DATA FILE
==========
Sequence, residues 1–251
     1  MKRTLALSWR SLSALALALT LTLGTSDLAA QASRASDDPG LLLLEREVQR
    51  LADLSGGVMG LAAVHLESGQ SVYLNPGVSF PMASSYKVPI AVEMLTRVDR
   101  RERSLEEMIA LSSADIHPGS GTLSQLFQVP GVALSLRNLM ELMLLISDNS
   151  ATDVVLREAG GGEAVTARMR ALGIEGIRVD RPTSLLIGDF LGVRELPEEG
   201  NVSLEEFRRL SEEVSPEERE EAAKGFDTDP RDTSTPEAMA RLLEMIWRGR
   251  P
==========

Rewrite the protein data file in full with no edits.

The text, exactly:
Sequence, residues 1–251
     1  MKRTLALSWR SLSALALALT LTLGTSDLAA QASRASDDPG LLLLEREVQR
    51  LADLSGGVMG LAAVHLESGQ SVYLNPGVSF PMASSYKVPI AVEMLTRVDR
   101  RERSLEEMIA LSSADIHPGS GTLSQLFQVP GVALSLRNLM ELMLLISDNS
   151  ATDVVLREAG GGEAVTARMR ALGIEGIRVD RPTSLLIGDF LGVRELPEEG
   201  NVSLEEFRRL SEEVSPEERE EAAKGFDTDP RDTSTPEAMA RLLEMIWRGR
   251  P